Tech

Google's Waymo to expand self-driving partnerships

Waymo, the autonomous car subsidiary of Google's parent company Alphabet, announced Sunday at the Detroit auto show that it would develop its self-driving technology with multiple partners, positioning itself as an automotive supplier.

John Krafcik, CEO of Waymo speaks at a press conference at the 2017 North American International Auto Show in Detroit, Michigan, January 8, 2017
John Krafcik, CEO of Waymo speaks at a press conference at the 2017 North American International Auto Show in Detroit, Michigan, January 8, 2017 (Geoff Robins | AFP)

Waymo, the autonomous car subsidiary of Google's parent company Alphabet, announced Sunday at the Detroit auto show that it would develop its self-driving technology with multiple partners, positioning itself as an automotive supplier.

CEO John Krafcik also said the company would later this month begin testing Chrysler minivans outfitted with its self-driving system on public roads in Arizona and California.

"What we're bringing to market is a self-driving technology platform," Krafcik said during a presentation at the annual Detroit auto show that often features product debuts from auto makers.

Waymo and Chrysler have been building specially-outfitted Pacifica hybrid minivans that are autonomous. The minivans were first unveiled in December.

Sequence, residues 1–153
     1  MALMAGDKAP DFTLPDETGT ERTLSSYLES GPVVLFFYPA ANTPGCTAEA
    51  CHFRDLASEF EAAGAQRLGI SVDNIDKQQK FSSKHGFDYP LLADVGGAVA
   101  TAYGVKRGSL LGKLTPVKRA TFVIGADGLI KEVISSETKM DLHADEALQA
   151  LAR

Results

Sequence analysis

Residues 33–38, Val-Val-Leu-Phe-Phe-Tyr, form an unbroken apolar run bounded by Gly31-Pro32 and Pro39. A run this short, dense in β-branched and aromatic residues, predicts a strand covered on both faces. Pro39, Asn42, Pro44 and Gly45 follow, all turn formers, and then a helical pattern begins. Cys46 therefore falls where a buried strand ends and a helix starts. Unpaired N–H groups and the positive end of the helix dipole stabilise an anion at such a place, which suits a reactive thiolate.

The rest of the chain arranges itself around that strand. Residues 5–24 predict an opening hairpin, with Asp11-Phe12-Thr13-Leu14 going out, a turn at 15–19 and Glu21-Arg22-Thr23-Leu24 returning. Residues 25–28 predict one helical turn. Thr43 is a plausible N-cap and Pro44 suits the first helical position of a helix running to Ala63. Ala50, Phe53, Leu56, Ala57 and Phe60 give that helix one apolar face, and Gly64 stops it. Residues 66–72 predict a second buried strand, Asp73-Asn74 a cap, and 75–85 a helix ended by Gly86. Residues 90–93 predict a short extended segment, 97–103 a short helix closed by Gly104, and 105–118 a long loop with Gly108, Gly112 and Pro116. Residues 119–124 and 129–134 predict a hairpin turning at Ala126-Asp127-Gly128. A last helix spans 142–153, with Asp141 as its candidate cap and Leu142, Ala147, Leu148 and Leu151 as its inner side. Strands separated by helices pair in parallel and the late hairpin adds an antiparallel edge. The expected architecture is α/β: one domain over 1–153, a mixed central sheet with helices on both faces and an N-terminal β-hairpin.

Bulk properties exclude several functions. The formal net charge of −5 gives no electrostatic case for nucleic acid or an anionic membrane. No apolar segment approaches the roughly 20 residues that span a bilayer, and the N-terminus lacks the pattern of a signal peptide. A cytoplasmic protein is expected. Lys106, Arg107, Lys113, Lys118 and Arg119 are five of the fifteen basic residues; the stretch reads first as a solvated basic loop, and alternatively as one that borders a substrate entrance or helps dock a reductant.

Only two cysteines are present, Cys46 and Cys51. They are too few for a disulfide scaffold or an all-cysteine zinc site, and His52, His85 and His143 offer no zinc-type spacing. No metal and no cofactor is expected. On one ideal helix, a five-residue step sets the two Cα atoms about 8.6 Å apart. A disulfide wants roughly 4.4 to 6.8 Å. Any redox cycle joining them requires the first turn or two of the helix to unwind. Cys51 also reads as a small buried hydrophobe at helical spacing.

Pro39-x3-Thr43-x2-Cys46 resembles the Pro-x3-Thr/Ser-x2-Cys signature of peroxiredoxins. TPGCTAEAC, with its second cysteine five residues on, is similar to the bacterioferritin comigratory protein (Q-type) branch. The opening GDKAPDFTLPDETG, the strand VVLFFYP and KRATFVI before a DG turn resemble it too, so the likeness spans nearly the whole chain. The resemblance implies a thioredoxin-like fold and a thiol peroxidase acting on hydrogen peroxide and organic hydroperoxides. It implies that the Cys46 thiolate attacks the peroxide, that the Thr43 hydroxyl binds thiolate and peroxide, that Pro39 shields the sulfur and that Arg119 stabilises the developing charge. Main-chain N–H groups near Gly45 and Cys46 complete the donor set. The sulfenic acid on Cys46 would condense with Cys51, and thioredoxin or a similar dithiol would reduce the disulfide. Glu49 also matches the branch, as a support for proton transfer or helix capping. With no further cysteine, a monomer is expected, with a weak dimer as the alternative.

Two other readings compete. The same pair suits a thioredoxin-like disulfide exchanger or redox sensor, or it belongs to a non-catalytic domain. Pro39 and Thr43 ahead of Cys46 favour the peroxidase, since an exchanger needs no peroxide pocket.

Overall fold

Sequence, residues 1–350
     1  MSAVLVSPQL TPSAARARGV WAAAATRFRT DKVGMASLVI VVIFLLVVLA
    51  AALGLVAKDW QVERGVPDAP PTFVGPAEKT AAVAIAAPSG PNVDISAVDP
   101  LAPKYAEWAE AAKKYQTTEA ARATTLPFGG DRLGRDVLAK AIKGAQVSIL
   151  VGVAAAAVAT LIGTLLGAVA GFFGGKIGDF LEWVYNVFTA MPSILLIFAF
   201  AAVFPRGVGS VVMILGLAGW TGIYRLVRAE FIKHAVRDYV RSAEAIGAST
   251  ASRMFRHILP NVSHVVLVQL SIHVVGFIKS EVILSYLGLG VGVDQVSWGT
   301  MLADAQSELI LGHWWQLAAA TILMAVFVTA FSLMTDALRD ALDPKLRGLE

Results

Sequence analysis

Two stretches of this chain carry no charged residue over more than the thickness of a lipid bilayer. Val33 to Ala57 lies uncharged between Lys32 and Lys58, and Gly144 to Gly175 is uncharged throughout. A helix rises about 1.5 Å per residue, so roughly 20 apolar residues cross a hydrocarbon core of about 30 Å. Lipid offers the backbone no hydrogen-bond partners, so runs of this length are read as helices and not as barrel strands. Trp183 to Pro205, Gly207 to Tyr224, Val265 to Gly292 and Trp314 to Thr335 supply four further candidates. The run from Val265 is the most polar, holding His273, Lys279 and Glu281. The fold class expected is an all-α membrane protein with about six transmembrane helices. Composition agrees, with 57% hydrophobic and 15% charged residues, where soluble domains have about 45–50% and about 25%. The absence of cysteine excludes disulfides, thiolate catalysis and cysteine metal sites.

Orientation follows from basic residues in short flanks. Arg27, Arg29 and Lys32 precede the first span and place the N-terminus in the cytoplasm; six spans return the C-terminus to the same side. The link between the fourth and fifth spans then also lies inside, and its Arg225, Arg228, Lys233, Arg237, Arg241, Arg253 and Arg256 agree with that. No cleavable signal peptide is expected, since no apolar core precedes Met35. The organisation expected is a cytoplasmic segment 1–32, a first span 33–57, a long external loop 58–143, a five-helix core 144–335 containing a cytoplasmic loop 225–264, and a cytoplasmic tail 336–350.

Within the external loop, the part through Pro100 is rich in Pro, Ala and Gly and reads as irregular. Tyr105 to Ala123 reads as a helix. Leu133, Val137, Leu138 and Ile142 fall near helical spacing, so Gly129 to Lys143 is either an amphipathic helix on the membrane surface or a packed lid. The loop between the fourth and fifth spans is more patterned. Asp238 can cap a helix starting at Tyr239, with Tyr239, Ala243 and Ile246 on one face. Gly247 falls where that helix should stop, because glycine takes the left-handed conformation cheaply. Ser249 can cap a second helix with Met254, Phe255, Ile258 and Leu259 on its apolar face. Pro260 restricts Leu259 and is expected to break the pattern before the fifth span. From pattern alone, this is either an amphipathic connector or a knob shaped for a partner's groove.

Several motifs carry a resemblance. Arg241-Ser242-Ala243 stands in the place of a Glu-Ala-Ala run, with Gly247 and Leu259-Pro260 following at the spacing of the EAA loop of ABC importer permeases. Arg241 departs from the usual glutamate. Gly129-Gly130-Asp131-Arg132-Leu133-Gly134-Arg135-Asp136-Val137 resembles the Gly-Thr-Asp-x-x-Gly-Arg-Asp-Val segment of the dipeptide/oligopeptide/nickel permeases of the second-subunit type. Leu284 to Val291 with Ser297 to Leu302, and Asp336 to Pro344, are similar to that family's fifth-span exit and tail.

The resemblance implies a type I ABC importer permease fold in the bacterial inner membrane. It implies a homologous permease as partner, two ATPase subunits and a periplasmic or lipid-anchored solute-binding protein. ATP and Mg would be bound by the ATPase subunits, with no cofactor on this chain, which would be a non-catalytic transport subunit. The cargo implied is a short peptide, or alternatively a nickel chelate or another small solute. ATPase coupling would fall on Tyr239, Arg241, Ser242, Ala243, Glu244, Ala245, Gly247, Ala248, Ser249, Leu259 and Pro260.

Krafcik said the self-driving project was aimed at creating a platform, not working on any one specific product.

"This integrated software and hardware platform will allow us to deliver products and services," Krafcik said. "Some of these we may do on our own. Some we may work on with partners."

The first autonomous Chrysler minivans will appear on public roads in Arizona and California later this month, Krafcik said.

"As we get ready to scale...using mass-produced vehicles becomes an imperative," he said.

The self-driving car subsidiary of the technology giant has already conducted millions of miles of testing on earlier iterations of its autonomous system.

Krafcik said they have managed to reduce the cost of its laser-guided radar system by 90 percent, from an original $75,000 price tag.

"We'll take that cost down even further, with the goal of making this technology accessible to millions of people," he said.

"We're at the point now where we believe we're at an inflection point where we can begin to realize the potential of this technology."